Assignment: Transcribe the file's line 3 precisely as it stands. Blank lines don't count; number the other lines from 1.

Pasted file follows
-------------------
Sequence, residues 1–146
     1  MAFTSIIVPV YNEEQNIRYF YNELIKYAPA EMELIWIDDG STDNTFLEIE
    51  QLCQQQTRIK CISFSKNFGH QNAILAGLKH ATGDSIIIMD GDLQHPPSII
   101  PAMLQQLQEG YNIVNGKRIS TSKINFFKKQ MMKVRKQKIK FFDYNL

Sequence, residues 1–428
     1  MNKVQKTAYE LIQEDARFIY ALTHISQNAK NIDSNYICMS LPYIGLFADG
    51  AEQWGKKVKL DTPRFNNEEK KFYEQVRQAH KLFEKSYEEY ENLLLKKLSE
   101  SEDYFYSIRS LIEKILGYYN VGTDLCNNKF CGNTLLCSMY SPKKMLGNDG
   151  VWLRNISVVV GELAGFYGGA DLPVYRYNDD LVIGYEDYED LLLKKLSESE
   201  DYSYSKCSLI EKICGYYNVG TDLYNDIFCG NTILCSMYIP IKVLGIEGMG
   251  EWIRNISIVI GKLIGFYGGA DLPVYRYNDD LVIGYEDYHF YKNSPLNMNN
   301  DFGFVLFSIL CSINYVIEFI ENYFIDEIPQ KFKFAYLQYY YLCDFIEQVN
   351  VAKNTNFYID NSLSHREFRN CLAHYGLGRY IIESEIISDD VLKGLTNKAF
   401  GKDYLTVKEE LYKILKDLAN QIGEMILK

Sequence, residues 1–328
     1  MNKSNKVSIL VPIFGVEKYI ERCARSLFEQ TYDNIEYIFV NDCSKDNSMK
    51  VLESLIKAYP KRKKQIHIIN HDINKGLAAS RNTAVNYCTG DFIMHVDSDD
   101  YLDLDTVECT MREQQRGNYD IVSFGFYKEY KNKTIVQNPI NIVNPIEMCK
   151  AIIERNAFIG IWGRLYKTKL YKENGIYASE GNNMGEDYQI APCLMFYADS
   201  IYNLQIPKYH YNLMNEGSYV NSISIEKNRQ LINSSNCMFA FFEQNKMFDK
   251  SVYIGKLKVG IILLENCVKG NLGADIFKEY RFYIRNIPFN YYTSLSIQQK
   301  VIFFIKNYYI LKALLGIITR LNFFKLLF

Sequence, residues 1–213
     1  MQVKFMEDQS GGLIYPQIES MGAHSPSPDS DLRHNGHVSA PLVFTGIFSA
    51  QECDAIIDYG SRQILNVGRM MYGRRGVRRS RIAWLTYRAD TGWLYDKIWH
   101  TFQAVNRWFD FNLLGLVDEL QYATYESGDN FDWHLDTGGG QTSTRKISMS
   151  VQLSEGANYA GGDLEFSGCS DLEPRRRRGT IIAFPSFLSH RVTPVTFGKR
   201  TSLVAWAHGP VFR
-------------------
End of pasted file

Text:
    51  QLCQQQTRIK CISFSKNFGH QNAILAGLKH ATGDSIIIMD GDLQHPPSII